Smithsonian Releases 2.8 Million Incredible Images Into the Public Domain

With Smithsonian Open Access, you can easily peruse millions of amazing photos from the museum system's vast collection and do whatever you want with them.
February 26, 2020, 1:00pm
Smithsonian Releases 2.8 Million Incredible Images Into the Public Domain
Left: Statue of Cleopatra. Right: Muhammad Ali's headgear. Images: Smithonian

America’s Smithsonian Institution is the world’s largest museum system. The Smithsonian oversees 19 museums, nine research centers, various libraries and archives, the National Zoo, and 155 million separate artifacts. Now, for the first time, the Smithsonian has uploaded more than 2.8 million images from its collection online.

Even better, it’s put those images in the public domain under a Creative Commons Zero license. No rights are reserved and the public can do with the images of the Smithsonian’s treasures what it wishes.


The 2.8 million images are part of the launch of Smithsonian Open Access—a new website that allows users to peruse the museum system’s vast collection. The uploads are much more than just images. Users can enjoy scans of artifacts like the hatch from the Apollo 11 in 3D with a VR headset, access more than 100 years of data via a GitHub repository and an API, and browse research datasets.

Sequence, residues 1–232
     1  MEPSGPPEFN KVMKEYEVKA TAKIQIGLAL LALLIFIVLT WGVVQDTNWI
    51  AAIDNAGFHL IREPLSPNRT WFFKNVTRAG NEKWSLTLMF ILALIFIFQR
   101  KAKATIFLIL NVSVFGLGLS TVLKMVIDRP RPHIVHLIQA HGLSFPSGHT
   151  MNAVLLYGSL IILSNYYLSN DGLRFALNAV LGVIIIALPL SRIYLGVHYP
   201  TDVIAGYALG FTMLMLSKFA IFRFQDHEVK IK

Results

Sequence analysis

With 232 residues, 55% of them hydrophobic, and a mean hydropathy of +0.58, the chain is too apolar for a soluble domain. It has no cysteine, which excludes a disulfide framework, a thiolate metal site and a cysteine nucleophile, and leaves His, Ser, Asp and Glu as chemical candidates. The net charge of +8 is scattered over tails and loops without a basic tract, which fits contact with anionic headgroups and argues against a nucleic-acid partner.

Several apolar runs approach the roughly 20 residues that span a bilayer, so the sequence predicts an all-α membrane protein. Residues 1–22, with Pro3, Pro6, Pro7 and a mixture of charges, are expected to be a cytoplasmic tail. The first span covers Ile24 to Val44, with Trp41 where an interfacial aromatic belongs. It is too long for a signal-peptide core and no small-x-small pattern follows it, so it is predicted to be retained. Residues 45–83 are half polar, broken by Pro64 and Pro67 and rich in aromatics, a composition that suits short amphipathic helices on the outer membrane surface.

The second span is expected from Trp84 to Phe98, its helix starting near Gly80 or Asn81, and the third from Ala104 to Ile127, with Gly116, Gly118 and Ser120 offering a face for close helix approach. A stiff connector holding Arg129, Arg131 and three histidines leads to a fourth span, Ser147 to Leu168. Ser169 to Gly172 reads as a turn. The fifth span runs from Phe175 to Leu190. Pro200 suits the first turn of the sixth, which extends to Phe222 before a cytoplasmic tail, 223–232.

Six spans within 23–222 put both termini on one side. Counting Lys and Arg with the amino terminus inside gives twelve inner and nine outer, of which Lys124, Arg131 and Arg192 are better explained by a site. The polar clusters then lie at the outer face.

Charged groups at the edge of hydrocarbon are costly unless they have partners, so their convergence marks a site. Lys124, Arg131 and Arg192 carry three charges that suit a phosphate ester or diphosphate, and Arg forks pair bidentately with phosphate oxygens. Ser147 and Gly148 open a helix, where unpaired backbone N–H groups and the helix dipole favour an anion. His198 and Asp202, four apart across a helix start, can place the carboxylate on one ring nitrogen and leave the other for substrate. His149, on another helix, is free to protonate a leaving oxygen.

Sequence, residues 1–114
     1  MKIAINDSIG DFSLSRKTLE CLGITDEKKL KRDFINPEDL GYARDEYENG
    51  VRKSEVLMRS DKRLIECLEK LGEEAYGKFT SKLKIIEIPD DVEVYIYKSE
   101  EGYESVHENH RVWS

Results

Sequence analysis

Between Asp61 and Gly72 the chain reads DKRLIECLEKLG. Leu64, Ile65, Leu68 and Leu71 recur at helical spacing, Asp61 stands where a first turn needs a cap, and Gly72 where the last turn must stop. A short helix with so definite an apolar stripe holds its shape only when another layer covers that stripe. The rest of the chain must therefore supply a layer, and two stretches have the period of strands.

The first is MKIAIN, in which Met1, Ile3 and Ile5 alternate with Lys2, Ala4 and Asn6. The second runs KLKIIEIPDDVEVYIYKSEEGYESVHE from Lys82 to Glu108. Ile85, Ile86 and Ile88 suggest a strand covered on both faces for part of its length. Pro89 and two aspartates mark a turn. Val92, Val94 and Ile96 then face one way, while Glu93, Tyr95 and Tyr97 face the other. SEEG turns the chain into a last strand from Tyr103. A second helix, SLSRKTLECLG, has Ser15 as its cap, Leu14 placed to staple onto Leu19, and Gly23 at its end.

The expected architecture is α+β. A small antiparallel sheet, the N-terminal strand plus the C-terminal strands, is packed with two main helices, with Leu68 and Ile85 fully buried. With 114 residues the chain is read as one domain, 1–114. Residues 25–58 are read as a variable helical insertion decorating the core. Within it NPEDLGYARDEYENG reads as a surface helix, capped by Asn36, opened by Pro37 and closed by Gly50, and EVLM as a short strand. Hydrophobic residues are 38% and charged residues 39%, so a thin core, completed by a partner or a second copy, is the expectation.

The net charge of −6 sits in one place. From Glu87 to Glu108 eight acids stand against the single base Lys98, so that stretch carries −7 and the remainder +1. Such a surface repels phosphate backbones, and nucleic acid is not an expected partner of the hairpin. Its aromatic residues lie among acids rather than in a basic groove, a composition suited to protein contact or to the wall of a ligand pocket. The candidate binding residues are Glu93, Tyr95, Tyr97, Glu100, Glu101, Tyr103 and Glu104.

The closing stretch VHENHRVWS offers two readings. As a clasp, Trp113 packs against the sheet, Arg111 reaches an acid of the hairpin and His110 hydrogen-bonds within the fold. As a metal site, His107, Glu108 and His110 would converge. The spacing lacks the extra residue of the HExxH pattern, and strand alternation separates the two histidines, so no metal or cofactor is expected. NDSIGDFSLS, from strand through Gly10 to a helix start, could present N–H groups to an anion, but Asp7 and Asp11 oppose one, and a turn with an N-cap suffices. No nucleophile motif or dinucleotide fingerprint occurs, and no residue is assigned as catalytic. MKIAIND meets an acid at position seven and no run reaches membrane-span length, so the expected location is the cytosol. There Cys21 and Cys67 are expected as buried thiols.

This launch is just the beginning. The Smithsonian has said it plans to upload another 200,000 images in 2020 and will continue to digitize its 155-million-strong collection. Uploads of the images are great, but the public domain nature of the Smithsonian’s project is the really revolutionary part. Many museums maintain copyrights over high quality images from its collection. The Smithsonian is letting the public download and remix everything it uploads.

“Being a relevant source for people who are learning around the world is key to our mission,” Effie Kapsalis, the Smisthsonian’s senior digital program officer, said in Smithsonian Magazine. “We can’t imagine what people are going to do with the collections. We’re prepared to be surprised.”

The Smithsonian’s Open Access page is home to many strange and beautiful objects from American history. In a few minutes of browsing, I uncovered photos of Octavia Butler’s Olivetti typewriter, the taxidermied U.S. Postal Service mascot Owney the Dog, a painting of Pocahontas, and the horrifying patent model for a “creeping baby doll” from 1871.

The Smithsonian is just the latest curator to upload pieces of its collection online. The Biodiversity Heritage Library recently uploaded 150,000 illustrations, the Paris Museums system uploaded more than 300,000 images, and the New York Public Library has been working to upload public domain books. But at more than 2.8 million images, all completely copyright free, the Smithsonian’s recent upload is the largest and most diverse offering of public domain art and cultural artifacts.